Photograph by NASA

“Europa is a very challenging mission operating in a really high radiation environment, and there’s lots to do to prepare for it” said Beth Robinson, NASA’s chief financial officer. The exploration mission, named Europa Clipper, is set to be launched in the mid 2020s. It will seek to observe the moon’s topography, examine the thickness of its ice crust, and analyse the sub-surface ocean’s ability to sustain life. If NASA’s Space Launch System (SLS) is finished on time, it will allow Europa Clipper to be sent from Earth to Jupiter in only 3 years rather than the conventional travel time of 8 years.

Perhaps the most unconventional opportunity to obtain a sample from Europa’s ocean will come from its water-rich geysers which can reach 200km in height – twice as high as Earth’s atmosphere. If NASA is able to plan Europa Clipper’s orbital trajectory in a way that allows it to pass by the moon’s southern pole, it could fly directly through a jet of water vapour, collecting water particles and thus avoiding the difficult task of having to land on Europa’s surface altogether.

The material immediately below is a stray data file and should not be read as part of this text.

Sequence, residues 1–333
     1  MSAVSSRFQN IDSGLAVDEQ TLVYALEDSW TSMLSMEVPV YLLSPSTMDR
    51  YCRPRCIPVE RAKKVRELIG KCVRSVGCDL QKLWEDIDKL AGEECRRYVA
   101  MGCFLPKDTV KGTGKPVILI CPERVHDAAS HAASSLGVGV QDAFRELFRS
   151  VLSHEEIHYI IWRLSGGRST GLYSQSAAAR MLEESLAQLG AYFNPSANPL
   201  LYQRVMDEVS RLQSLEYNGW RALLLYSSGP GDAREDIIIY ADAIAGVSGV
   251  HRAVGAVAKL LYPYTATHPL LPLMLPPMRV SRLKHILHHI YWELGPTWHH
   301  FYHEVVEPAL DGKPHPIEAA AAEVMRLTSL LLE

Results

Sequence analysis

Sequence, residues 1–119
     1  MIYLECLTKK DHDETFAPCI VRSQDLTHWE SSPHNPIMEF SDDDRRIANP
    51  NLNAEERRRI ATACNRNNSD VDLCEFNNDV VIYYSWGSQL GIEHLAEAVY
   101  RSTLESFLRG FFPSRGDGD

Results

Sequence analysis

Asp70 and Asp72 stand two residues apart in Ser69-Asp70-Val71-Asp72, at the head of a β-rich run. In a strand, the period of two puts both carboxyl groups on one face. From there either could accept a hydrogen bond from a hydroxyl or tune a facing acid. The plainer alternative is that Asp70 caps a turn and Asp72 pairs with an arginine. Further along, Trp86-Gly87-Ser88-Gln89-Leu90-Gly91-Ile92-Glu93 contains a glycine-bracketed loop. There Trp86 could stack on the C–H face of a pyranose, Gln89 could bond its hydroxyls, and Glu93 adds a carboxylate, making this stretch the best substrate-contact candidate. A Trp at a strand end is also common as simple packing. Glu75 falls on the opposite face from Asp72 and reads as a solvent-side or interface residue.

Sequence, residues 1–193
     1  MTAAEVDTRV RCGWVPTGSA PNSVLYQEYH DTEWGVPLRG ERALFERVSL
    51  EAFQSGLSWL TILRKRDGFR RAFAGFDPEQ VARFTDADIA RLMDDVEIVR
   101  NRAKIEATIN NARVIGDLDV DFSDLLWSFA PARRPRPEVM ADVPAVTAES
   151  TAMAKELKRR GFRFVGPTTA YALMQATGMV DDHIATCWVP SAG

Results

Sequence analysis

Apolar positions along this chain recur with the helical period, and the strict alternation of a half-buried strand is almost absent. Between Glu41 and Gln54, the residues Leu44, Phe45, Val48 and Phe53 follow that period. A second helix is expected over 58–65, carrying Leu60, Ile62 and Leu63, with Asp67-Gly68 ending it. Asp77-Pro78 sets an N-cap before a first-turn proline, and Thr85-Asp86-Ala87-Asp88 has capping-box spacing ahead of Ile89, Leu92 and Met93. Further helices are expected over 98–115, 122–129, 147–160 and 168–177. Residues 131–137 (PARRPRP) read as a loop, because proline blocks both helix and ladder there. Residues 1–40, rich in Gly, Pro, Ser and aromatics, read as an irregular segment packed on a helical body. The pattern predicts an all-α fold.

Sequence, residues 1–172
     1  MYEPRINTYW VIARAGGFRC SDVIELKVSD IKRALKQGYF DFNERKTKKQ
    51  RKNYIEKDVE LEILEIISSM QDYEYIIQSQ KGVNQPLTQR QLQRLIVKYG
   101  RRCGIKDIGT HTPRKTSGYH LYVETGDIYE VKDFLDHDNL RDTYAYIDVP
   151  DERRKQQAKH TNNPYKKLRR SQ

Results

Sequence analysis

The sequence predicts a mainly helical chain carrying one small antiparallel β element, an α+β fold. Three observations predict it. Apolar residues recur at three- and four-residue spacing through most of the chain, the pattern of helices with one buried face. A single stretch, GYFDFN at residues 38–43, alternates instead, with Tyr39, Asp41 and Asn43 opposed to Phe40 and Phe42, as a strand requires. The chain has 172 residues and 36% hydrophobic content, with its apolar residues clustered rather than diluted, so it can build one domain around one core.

Saturn’s sixth-largest moon was recently found to be one of the most promising places for life in our solar system outside of Earth, perhaps even surpassing Europa in its prospects for habitability.

In 2005, NASA’s Cassini spacecraft found plumes of water vapour emanating from Enceladus’s southern pole, reaching heights of 200km, just like those observed on Europa. In 2014, it discovered the existence of a warm sub-surface ocean with an estimated depth of only 10km. Now, in 2015, astrophysicists working on the Cassini mission have just announced that they detected ongoing hydrothermal activity in Enceladus’s ocean – the first of its kind ever to be found besides Earth.

Surprisingly, the scientists behind this discovery explained that they collected this data not by examining Enceladus itself, but by observing the dust found in Saturn’s majestic rings. “We’ve known from quite early on that Enceladus was the source of the material in Saturn’s outermost ring […] based on the ring’s composition” said Sean Hsu, researcher at the University of Colorado, Boulder. Using Cassini’s mass spectrometer, they were able to identify a type of silicon particle which, as far as we know, can only be formed by hydrothermal vents.

Photograph by NASA